The Federal Budget for FY2024-25 has been unveiled, and it’s being touted as one of the most ‘friendly’ budgets in recent times. But as we dive into the details, it becomes clear that the benefits might not be reaching the common people as expected. Let’s break down the key points of the budget and see who really benefits.

Total Outlay and Major Allocations

The total outlay for the budget is Rs. 18,877 billion. Here’s a look at the major allocations:

  • Debt Servicing: A staggering Rs. 9,700 billion is allocated for debt servicing. This is more than half of the total budget, highlighting the significant burden of debt on the country’s finances.
  • Defence: The defence budget has been increased to Rs. 2,100 billion. While national security is crucial, this allocation raises questions about the balance between defense spending and other critical needs.
  • Public Sector Development Program (PSDP): Rs. 1,150 billion has been allocated to the PSDP, aimed at various development projects across the country.
  • Subsidies and Pensions: The budget for subsidies and pensions has been increased by 42% and 20%, respectively.

Sector-Specific Allocations

  • Education: Only Rs. 93 billion has been allocated to education. In a country with a significant youth population needing quality education, this amount seems insufficient.
  • Health: National health projects have been allocated Rs. 24 billion. Given the ongoing health challenges, this budget is quite low.
  • Energy Projects: Rs. 378 billion is earmarked for energy projects to address infrastructure needs.
  • Infrastructure: Rs. 877 billion has been set aside for infrastructure, including roads, bridges, and other critical projects.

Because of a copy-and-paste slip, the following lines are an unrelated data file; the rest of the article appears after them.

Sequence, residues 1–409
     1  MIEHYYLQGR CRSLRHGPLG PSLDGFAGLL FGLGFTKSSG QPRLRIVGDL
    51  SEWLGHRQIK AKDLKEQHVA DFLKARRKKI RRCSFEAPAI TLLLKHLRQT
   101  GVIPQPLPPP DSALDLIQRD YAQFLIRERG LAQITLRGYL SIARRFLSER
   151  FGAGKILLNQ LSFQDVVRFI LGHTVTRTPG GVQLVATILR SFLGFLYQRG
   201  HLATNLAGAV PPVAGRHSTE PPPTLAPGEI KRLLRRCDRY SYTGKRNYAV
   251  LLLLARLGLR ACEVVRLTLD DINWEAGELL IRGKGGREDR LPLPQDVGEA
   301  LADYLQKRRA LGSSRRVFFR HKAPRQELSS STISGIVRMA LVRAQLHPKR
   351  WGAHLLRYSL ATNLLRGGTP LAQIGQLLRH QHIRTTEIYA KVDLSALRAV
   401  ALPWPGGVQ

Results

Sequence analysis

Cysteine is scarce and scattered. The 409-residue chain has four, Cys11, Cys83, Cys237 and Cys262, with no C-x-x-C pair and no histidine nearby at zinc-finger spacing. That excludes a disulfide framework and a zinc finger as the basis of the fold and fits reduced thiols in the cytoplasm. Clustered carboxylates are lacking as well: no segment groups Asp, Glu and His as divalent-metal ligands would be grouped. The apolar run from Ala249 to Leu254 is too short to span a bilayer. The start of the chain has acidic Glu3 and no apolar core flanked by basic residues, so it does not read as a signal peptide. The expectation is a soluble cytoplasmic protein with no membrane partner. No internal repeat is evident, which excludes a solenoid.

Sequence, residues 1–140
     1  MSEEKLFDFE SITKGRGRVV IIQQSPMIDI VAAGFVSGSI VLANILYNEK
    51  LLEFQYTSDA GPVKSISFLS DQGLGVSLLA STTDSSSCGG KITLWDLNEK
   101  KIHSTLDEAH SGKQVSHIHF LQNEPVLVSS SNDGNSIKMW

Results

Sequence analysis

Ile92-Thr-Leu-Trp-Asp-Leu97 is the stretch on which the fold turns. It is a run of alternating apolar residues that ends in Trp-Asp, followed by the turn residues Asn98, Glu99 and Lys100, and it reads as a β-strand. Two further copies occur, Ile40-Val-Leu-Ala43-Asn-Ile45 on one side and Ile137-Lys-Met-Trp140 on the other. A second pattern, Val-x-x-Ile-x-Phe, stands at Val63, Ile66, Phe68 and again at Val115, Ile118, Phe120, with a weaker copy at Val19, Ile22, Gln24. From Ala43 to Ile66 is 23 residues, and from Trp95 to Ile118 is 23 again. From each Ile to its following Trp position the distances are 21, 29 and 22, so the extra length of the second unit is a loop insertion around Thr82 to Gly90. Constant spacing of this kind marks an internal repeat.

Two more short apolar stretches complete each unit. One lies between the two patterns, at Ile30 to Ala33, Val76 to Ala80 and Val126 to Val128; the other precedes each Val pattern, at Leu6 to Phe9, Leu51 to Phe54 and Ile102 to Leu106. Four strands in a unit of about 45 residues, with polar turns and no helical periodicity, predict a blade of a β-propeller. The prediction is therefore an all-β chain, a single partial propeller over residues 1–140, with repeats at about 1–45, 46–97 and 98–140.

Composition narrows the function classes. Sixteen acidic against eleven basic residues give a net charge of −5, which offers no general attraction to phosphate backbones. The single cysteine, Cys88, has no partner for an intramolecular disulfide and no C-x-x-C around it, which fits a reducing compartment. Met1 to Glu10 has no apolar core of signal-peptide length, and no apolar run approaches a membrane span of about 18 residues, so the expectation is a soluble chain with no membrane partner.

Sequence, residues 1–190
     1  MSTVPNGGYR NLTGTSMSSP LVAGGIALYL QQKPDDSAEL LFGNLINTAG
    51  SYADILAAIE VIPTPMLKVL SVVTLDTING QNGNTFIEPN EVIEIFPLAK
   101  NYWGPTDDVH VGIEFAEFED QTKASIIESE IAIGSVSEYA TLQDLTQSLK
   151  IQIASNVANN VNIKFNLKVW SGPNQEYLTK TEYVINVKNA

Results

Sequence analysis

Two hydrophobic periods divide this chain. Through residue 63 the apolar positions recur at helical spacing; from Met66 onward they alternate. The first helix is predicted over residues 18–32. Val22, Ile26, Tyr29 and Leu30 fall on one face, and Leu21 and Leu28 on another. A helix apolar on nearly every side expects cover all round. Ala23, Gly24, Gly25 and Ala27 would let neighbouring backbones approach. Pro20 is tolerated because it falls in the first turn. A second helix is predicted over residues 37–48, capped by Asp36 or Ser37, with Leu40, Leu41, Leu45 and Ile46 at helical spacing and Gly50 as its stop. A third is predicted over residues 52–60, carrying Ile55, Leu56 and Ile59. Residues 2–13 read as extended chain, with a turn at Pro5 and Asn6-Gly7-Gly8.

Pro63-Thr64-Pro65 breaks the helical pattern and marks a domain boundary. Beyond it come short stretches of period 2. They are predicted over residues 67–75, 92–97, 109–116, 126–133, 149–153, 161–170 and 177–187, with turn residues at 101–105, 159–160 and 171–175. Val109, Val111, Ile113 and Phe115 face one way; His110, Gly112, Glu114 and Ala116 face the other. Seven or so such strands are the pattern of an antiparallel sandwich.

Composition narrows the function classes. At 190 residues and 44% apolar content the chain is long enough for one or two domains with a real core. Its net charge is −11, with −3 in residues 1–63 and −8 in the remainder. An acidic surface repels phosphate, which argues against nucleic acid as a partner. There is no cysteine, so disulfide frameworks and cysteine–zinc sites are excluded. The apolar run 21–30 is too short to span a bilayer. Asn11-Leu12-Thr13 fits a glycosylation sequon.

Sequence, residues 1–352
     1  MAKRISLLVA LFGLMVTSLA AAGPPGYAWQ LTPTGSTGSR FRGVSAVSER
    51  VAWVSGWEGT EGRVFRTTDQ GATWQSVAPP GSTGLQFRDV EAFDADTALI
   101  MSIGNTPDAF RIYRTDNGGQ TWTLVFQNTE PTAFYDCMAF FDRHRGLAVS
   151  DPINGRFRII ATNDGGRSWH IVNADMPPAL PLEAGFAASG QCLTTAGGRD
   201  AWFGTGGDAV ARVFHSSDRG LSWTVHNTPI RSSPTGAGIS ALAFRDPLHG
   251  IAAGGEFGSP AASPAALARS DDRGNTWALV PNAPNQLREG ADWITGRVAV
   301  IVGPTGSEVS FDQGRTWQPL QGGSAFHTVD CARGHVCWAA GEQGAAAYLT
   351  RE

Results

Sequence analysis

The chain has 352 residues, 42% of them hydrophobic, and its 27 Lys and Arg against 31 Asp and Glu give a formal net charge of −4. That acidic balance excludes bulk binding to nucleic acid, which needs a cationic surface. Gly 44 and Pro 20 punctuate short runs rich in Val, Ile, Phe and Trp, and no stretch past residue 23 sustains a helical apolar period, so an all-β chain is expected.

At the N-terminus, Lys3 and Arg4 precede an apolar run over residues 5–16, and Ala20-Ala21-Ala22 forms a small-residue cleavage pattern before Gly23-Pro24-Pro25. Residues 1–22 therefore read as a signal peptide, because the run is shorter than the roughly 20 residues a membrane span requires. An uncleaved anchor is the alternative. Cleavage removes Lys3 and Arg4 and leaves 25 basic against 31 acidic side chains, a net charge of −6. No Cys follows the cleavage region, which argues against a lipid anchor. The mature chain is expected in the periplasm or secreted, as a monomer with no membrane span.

Relief Measures and Fiscal Policies

  • Salary and Pension Increases: Government employees’ salaries have been increased by 35%, and pensions by 17.5%. The minimum wage has also been raised to Rs. 37,000 per month. These measures are steps in the right direction, but whether they are enough to counteract inflation remains to be seen.
  • New Taxes: The budget introduces a standard 18% sales tax on previously exempted items. This move aims to increase revenue but could also burden the average consumer.

New Taxes On Real Estate Property Pakistan

While the 2024-2025 budget showcases impressive numbers and friendly labels, it’s essential to scrutinize the allocations to understand who truly benefits. The needs of the common people seem overlooked in favor of broader economic and security concerns. As citizens, it’s vital to stay informed and hold our leaders accountable to ensure that the budget serves everyone’s interests.

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